Here is a story about him from the Chicago Tribune obituary:
When Nixon appointed Friedman to a panel examining whether to abolish the draft, Friedman found himself at odds with Gen. William Westmoreland, the Army chief of staff and former Vietnam commander.The most sophisticated of the many obits I've seen is Charles Goodhart's, in the Guardian.
At one point, Westmoreland declared that he did not want to command an army of "mercenaries."
"I stopped him and said, "General, would you rather command an army of slaves?" Friedman later recalled. "He drew himself up and said, 'I don't like to hear our patriotic draftees referred to as slaves.' I replied, 'I don't like to hear our patriotic volunteers referred to as mercenaries.'"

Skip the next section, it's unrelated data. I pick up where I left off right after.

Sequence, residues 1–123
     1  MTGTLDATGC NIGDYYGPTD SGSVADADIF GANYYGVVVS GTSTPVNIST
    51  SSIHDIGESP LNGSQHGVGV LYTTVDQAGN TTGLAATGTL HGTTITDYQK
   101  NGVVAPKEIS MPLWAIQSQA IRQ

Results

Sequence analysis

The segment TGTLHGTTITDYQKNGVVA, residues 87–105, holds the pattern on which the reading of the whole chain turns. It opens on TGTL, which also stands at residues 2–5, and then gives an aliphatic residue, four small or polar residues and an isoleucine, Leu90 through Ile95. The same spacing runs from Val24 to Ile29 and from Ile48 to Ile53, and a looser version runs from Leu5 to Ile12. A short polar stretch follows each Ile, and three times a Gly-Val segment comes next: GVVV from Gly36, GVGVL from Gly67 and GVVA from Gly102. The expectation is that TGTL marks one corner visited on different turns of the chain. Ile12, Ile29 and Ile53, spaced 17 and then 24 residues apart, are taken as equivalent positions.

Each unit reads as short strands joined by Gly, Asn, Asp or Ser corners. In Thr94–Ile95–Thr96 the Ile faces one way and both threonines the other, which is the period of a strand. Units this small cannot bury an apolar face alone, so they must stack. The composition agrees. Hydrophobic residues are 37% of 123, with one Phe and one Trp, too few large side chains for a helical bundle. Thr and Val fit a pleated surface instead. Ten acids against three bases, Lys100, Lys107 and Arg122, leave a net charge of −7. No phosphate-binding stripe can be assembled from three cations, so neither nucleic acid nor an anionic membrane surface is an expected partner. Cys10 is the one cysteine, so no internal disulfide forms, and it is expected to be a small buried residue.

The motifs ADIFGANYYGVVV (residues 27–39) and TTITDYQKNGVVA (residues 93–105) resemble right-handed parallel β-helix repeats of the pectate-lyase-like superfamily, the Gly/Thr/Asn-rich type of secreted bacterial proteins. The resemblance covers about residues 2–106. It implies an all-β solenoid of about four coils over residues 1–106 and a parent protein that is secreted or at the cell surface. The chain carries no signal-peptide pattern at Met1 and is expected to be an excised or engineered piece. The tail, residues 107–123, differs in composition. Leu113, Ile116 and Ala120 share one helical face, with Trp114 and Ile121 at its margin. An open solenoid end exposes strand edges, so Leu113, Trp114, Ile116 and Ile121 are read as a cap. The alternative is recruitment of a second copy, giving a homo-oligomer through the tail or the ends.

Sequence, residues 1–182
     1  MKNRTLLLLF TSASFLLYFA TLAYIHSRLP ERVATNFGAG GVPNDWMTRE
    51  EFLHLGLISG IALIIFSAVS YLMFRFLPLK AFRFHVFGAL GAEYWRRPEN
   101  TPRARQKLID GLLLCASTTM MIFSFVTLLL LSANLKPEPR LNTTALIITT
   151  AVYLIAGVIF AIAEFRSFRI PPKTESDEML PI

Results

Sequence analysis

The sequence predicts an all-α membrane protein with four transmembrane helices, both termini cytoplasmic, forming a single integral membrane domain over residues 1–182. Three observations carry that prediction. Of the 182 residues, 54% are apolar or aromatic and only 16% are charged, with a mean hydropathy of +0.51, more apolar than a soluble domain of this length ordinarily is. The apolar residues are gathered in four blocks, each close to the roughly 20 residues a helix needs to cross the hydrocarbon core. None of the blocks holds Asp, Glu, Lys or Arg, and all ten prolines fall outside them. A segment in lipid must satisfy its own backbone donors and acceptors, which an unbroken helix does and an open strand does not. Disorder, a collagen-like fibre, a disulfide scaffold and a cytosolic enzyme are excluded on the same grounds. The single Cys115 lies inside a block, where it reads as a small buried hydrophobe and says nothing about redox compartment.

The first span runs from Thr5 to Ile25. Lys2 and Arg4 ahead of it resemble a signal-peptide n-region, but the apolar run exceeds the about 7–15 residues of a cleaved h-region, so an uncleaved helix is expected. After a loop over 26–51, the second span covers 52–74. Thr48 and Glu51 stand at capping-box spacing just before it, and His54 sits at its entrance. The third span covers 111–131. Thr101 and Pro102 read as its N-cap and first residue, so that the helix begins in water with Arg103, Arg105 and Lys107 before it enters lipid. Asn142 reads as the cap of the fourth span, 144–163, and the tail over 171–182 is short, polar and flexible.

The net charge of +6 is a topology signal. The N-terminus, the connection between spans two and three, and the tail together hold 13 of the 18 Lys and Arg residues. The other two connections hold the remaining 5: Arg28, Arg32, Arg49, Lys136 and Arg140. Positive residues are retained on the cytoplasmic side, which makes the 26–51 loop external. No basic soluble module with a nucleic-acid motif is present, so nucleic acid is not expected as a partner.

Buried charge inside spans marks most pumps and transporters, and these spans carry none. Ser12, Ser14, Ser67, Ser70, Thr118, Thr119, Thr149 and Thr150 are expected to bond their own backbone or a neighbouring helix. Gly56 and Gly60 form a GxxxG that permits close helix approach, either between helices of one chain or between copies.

Friedman's grandson, Patri Friedman, has some links to delightful videos of Friedman here. To view them is to see how one participates in public discussion with both brilliance and urbanity.
I met Prof. Friedman just once. It was over lunch in Berlin, at the Mont Pelerin Society meetings of 1982 or 1983. He had just come from a trip to the USSR. His impression of the then-extant workers' paradise were, as you might imagine, not favorable. Of course, he had expected as much. But he also noticed that other visitors had similar reactions. On the return flight, when the pilot announced that they had crossed the Finnish border, the passengers burst into applause. Later, a Finnish cab driver gleefully told him, by means of broken English and hand-gestures, "Oh yes, I've been to Russia! I've dropped bombs on Russia!" referring to the brief period in 1940 and 41 when tiny Finland humiliated the Red Tsar, Stalin.